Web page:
The November 1986 issue of Advanced Imaging featured an article on the Controlled Impact Demonstration conducted by the Federal Aviation Administration in 1984. The demonstration involved the controlled crash of a Boeing 720 airliner to determine if a special fuel additive could reduce explosion and fire. The test was monitored by 129 cameras - motion picture, video, infrared and still - operated from 21 locations. Cameras were used to fly the aircraft into the crash, and monitor the results from both inside the cabin and outside. Although the test was a failure, the imaging objectives were met with full success.
Imaging in cosmetic surgery was first covered in July/August 1988 as a method to simulate the results of a procedure. The PreView Dental Imaging System from McGhan InstruMed Corporation came in at an affordable $7,000, which was far less than the $180,000 a comparable system cost just a few years previously. A similar system was available for plastic surgery.
Newly commercialized liquid crystal displays, such as this SOFTPLOT from Greyhawk Systems, were covered in the May 1989 issue. The article noted that the technology produced images that were both much larger and higher resolution than those produced by a conventional CRT.
The world’s first, full-body volume rendering (from Johns Hopkins Medical Institution) was featured on the June 1989 cover. It was captured with a Siemens CT scanner then rendered on a Pixar system.
Advanced Imaging took a look at helmet-mounted displays in November/December 1989. Size, form factor and performance have come a long way since this CAE fiber-optic display was highlighted. The display was used for flight simulation by West German Luftwaffe pilots.
The use of IR imaging for PCB testing was discussed in April 1990. Illustrated here is a close up of a PCB 0.005" Bond Pad (taken with a 0.001mm lens) using Hughes technology.
The dramatic cover of the June 1990 issue featured a hand grenade in the process of exploding, as captured at 2/3 million FPS at the Navy Weapons Center with a Cordin rotating mirror film camera.
The use of vision technology by agricultural engineers at Oklahoma State University to grade seedlings was covered in November 1990. The seedlings would be used by forest-product companies to replant harvested trees.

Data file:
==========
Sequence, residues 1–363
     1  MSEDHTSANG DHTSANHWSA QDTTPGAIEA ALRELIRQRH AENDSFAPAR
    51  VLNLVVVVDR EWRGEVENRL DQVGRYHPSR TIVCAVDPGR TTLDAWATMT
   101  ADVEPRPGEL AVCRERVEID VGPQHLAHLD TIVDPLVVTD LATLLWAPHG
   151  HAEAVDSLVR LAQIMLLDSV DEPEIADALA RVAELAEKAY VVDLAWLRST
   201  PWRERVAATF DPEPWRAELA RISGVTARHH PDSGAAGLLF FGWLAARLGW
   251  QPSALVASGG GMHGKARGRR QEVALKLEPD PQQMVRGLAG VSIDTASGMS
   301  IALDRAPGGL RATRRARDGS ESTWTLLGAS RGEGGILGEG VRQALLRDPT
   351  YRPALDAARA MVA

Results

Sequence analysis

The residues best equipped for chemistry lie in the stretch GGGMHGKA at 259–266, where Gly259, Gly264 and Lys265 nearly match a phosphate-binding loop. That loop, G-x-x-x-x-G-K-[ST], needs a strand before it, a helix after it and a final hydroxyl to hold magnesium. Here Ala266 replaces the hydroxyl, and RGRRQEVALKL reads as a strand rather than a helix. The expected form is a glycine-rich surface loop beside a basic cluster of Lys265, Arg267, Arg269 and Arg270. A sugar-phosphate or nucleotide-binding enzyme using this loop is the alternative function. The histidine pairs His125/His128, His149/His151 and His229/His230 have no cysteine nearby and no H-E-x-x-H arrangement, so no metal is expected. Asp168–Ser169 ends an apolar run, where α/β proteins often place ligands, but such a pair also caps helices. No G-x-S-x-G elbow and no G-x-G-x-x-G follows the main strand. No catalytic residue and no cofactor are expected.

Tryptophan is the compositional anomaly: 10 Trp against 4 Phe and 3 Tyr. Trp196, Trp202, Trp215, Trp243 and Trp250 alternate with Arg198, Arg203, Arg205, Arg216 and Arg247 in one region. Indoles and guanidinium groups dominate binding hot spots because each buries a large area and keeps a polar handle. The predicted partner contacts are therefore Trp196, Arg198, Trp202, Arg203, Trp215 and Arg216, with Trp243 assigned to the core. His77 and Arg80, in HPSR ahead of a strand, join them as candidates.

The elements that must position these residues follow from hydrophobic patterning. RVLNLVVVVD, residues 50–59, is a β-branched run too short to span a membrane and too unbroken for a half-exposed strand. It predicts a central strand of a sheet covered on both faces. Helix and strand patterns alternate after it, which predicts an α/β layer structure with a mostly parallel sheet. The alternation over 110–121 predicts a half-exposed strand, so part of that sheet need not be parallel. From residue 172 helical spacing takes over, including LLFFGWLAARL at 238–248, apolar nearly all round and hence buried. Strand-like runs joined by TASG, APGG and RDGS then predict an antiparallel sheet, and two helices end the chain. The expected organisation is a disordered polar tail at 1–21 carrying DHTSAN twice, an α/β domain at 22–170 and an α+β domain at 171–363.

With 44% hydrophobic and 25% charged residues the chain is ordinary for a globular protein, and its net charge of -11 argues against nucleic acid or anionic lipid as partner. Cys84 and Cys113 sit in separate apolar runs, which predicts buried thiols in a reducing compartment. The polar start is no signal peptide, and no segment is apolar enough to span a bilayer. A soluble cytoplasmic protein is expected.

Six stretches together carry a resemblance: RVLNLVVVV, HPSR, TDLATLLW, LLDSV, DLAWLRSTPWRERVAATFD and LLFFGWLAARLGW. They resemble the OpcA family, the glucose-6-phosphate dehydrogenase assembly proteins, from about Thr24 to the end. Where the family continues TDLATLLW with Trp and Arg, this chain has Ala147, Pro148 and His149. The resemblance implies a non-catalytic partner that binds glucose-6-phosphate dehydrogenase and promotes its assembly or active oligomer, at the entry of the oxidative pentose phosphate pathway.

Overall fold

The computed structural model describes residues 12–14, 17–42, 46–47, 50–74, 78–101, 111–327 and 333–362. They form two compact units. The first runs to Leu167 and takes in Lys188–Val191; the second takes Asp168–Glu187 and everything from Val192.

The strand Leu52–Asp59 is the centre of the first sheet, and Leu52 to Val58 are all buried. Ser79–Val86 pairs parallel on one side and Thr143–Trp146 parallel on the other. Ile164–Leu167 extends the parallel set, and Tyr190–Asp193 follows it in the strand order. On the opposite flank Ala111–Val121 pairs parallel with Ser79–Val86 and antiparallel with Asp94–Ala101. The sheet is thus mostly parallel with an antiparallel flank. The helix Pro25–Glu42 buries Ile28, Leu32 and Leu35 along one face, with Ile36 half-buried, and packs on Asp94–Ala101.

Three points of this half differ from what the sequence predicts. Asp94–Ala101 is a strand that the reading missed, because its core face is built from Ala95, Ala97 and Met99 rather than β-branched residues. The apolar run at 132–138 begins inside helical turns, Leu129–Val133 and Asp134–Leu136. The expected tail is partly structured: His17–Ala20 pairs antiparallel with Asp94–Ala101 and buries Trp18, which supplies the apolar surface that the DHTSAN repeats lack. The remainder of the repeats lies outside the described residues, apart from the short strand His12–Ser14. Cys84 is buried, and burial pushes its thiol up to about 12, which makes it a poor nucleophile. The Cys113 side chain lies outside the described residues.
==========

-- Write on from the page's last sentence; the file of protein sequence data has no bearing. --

The power of image processing was illustrated in the March 1991 issue, when the initial flaw in the Hubble telescope was partially overcome through software until a hardware solution could later be installed. These NASA images show the significant improvement that resulted.
April 1991 saw coverage of imaging as used in the first Gulf War. In addition to weapons-specific applications, this NOAA image of the Persian Gulf showed thick smoke plumes and the oil slick triggered by Saddam Hussein's "scorched earth" policy.
The August 1993 issue covered the Magellan mission to Venus, where synthetic aperture radar was used to image the surface of the planet with an azimuth resolution of 120m and a range resolution of 120-300m.
Digital motion capture was covered in July 1994, with this image illustrating MIT Media Lab work on the subject.
A true 3D motion capture system from Lawrence Livermore eliminated reflective "knee pad" motion tracking with a fully camera based solution. It involved a pair of CCD cameras separated by a small baseline to provide a different perspective – all supported by the appropriate frame grabber and storage.
The rapid rise of CMOS imagers as a competitor to CCD was discussed in October 1995.